What is Solar Panel Output?
Solar panel output is kind of a mystery. You’ve might’ve read up on solar panels and seen solar panels advertising 270 watts or 60 solar cells, but what does it all mean?
These numbers refer to the size and output of solar panels and it’s definitely something to keep in mind when you are first looking into your solar system. Let’s look at what we mean when we say solar output, what a solar panels wattage and cell count mean, and how these affect the output of the solar panels.
Cell Count vs Wattage
When we discuss output of the solar panel, we usually use its wattage. For residential applications, a typical solar panel is about 260 – 270 watts, meaning that in perfect conditions that solar panel could produce 260 watts of power in a given instant (for reference, an LED light bulb uses about 10 watts).
The number of cells (a solar cell is actually what creates the electricity) in a solar panel determine its size and wattage. Most residential solar panels are composed of 60 solar cells, each producing 5 watts each, and is about 3 feet by 5 feet. Some commercial solar panels have 72 cells, allowing a single panel to produce more electricity, but they are much taller.
However, just because a solar panel has more solar cells and produces more energy doesn’t make it more efficient. When comparing solar panels, also look at the efficiency of the panel – the amount of sunlight that hits the panel which is turned into electricity. Most residential solar panels are about 18% efficient – though they can typically range from 15% to about 18%.
Nominal Output of your Solar Panels
Solar panels are tested using STC – Standard Test Conditions. STC is, in essence, the perfect situation for the solar panel, in that it would be a bright, sunny, cloudless day with high irradiance levels – ie a lot of strong sunlight.
The wattage printed on the backs of solar panels, referred to as the “nominal wattage” is the output of the solar panel in these perfect conditions. In the real world, it’s possible that the production could be much lower, due to shading or weather.
A lot of homeowners are confused between nominal and real world output. You would think that the wattage printed on the solar panel is what it would produce. That’s certainly possible if your roof had the perfect situation like in the test conditions, but it’s rarely the case. However, having a standard test condition is fairly important. This allows installers and homeowners to compare the efficiency of different solar panels using common testing procedures.
Real World Output
All solar panels are installed in real world setting – not a lab – where the sun shines randomly and irradiance isn’t always super strong. In real world settings therefore, production won’t be as high as during testing. The age of the solar panels, dirt over the panel, and environmental considerations can play into this, including temperature, weather, and haziness (and how much sunlight it blocks).
Nominal Installation Size
We discussed nominal output for an individual solar panel. Now let’s look at nominal output for a solar installation.
A typical solar installation residential is about 5 kilowatts and is based on the nominal output of the individual solar panels. So, a 5 kilowatt system could be composed of 20 solar panels each at 250 watts a piece.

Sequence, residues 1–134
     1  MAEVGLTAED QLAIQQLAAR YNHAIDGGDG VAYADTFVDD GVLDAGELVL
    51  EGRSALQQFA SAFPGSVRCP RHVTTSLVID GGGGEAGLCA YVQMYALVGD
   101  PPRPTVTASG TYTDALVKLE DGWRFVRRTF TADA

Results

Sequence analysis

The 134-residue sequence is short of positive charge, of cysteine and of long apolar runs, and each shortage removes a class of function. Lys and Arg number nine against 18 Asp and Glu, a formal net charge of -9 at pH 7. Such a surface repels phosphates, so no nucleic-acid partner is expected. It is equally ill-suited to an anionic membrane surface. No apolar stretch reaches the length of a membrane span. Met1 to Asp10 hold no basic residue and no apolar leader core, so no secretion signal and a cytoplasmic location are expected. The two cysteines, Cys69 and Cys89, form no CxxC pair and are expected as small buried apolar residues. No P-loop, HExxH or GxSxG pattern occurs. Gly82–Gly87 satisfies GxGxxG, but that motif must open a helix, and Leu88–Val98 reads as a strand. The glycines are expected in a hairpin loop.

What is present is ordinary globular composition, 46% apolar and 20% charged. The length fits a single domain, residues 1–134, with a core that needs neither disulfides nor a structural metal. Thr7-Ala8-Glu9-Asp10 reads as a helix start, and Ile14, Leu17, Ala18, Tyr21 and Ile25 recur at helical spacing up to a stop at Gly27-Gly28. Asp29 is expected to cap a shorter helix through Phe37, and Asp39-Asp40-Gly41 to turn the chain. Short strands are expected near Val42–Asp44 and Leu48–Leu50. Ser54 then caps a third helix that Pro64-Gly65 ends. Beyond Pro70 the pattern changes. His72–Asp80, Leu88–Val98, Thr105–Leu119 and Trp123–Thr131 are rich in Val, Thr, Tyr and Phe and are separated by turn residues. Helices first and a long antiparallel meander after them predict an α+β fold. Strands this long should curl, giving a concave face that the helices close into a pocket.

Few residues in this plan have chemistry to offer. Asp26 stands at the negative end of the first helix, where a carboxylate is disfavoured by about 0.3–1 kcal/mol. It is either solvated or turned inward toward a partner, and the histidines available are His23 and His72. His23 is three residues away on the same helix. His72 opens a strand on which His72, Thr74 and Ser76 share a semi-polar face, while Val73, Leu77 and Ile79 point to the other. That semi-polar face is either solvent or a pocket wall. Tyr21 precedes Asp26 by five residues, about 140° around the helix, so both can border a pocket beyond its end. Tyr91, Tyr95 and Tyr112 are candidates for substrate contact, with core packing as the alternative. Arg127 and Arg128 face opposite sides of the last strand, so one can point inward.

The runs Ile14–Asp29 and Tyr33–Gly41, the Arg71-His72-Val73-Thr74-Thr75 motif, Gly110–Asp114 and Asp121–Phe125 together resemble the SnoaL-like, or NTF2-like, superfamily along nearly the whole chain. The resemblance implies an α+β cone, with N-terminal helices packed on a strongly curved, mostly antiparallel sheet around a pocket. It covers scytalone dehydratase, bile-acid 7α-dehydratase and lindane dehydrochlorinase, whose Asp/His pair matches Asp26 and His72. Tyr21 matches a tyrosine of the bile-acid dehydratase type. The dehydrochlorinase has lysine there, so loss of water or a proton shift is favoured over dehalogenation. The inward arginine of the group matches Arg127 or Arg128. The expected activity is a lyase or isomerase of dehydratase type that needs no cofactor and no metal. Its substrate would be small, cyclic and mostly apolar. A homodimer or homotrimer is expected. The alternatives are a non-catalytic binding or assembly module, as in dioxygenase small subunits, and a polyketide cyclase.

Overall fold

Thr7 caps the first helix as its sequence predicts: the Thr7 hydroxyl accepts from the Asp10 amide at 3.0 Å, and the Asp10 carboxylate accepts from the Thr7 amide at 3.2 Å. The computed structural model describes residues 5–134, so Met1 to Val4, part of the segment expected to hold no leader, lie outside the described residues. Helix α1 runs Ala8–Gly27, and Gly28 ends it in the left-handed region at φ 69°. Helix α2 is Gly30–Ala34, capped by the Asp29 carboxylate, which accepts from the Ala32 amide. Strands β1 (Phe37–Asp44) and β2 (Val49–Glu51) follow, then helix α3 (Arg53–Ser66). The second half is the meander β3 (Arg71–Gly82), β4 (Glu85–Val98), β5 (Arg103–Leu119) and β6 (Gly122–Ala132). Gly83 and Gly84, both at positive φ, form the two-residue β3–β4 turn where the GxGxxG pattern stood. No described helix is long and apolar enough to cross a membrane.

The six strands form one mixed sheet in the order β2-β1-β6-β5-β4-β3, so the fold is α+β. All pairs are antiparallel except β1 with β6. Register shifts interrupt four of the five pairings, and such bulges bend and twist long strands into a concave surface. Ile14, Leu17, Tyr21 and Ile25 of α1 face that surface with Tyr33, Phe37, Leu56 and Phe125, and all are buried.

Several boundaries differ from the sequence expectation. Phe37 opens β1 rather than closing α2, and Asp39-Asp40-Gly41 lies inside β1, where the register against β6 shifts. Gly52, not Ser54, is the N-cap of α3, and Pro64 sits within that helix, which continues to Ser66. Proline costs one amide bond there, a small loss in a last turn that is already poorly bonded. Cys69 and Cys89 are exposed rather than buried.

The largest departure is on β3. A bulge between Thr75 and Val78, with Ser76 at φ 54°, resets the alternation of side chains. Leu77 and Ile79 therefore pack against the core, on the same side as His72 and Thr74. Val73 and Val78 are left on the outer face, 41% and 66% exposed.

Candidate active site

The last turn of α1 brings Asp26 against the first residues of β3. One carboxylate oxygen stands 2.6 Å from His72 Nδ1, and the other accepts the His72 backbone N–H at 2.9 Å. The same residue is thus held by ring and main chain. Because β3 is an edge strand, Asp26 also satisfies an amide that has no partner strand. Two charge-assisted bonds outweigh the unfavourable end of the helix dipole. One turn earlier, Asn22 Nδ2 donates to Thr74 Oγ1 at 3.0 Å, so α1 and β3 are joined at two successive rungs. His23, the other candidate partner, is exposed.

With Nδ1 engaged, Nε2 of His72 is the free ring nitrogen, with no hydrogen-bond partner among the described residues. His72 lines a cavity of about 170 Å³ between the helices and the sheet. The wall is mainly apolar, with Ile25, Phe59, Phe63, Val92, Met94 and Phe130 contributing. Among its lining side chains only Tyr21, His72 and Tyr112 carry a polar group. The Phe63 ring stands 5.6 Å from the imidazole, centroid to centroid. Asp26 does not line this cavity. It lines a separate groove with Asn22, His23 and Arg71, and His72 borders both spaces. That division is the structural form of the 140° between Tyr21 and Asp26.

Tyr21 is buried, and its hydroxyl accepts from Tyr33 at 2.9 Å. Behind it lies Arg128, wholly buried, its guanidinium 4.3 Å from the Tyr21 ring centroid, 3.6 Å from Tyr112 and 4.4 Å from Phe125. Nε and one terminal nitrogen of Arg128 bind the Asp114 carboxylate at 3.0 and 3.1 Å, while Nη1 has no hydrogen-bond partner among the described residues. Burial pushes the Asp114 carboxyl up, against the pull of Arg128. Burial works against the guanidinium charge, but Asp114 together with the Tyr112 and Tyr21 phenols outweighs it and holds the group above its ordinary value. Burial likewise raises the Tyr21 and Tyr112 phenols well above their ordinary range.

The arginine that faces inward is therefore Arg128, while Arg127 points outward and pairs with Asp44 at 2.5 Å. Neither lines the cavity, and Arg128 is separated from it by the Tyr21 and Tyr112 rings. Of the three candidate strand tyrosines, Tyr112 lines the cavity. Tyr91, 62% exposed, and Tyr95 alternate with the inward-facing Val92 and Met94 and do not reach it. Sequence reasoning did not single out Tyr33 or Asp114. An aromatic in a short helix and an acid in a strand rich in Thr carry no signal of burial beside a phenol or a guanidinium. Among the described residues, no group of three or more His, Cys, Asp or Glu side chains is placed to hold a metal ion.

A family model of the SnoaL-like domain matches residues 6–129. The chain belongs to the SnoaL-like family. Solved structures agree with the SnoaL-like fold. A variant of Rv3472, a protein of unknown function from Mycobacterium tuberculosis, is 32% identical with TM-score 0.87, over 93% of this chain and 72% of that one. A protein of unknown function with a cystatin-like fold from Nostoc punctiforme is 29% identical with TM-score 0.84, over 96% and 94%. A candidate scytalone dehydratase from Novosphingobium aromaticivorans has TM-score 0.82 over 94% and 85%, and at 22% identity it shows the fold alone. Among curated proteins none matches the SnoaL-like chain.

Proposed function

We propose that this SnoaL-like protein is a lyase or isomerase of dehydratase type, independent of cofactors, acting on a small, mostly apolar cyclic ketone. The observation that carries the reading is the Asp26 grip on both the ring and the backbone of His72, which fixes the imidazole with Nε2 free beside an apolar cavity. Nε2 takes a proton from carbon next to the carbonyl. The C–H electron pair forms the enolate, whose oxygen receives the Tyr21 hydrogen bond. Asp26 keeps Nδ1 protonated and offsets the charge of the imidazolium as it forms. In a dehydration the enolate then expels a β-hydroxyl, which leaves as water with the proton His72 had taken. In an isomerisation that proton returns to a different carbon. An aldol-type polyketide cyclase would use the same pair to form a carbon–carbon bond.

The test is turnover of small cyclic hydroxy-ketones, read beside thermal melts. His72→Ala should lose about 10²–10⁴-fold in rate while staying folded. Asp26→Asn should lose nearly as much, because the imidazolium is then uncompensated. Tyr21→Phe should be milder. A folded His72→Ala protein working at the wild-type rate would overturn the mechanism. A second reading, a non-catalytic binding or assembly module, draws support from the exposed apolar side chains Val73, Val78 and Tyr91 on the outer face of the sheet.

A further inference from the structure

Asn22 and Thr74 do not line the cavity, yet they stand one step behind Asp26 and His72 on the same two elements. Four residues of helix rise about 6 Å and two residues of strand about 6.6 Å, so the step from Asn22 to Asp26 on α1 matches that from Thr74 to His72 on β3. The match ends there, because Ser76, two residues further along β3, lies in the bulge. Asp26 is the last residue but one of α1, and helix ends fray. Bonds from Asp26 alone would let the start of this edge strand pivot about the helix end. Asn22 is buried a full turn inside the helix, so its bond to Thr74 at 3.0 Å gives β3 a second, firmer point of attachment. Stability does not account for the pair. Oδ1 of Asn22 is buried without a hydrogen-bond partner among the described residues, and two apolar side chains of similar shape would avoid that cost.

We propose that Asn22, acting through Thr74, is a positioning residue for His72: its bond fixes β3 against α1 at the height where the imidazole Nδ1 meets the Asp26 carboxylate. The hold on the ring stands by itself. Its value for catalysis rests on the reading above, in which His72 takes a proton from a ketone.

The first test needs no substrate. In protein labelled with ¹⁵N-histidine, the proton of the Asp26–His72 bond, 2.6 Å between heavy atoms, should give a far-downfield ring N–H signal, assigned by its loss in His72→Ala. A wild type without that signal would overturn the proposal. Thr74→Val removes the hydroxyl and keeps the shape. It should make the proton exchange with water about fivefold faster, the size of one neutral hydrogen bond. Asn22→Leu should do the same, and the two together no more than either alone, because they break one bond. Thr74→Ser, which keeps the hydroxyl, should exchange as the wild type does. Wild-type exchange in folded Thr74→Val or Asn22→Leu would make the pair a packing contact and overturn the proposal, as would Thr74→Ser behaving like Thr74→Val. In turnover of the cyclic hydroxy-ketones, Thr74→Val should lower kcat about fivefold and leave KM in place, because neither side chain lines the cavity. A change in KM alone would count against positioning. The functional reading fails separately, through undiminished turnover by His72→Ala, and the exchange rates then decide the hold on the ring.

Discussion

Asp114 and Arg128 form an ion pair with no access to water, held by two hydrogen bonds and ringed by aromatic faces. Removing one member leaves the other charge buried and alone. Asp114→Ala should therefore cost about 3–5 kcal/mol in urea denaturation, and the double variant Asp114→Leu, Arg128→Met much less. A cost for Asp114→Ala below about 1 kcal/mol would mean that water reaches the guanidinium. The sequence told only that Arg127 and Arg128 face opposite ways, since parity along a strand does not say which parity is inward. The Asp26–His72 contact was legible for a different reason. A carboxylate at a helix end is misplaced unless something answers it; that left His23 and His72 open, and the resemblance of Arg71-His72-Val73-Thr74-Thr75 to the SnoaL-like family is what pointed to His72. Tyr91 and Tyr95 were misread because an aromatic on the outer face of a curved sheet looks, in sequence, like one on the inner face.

However, just like a solar panel, you can’t assume your solar system will be working at 100% efficiency at all times. As usual, environmental conditions, especially temperature, play a large role in the efficiency of your system. During test using STC, the temperature of the solar panels is at 25 degrees Celsius (about 76 degrees Fahrenheit) – a fairly low estimate. It’s a fact that as the temperature of a solar panel increases one degree Celsius, it loses about .4% efficiency. So, if a 270 watt solar panel increased from 25 degrees to 45 degrees (113 degrees F, which many in the southwest US see frequently), it would lose about 8% efficiency!
To account for these real world conditions, the National Renewable Energy Lab developed the PVUSA Test Conditions (PTC). PTC mostly accounts for this higher temperature of solar panels in the real world by increasing the temperature of the solar panel to 113 degrees Fahrenheit. Using PTC, a solar panel’s estimated output can be over 10% less than with STC.
Real World System Output
When you decide to move forward with your solar installation, solar companies will account for these “real world” conditions in the quote they provide you during the sales process. The quote will always include the nominal output of the solar installation in kilowatts, but also provide an estimate for how much electricity the system will produce over its lifetime (in kilowatt-hours), using data for typical weather and irradiance levels for the local area.
Solar equipment like inverters and wires are also not 100% efficient. Inverters are typically about 97 or 98% and there’s also ‘line loss’ – electricity lost during transmission through the wires connecting the solar panels to the inverter. Solar companies usually account for these losses in production as well, with what’s known as a ‘derate factor’. The derate factor is just a percentage, usually around 80%, that they multiply your production by which accounts for those losses.
So if you’re a homeowner looking to install solar, you need to discuss with your installer what efficiency losses their estimates take into account. Does it include efficiency loss due to hot summer weather? How about line loss and the inverter’s efficiency? What about dirt on the solar panels?
Now that you know how solar output is calculated, you have the knowledge to be sure that your solar installation will cover as much of your energy use as possible!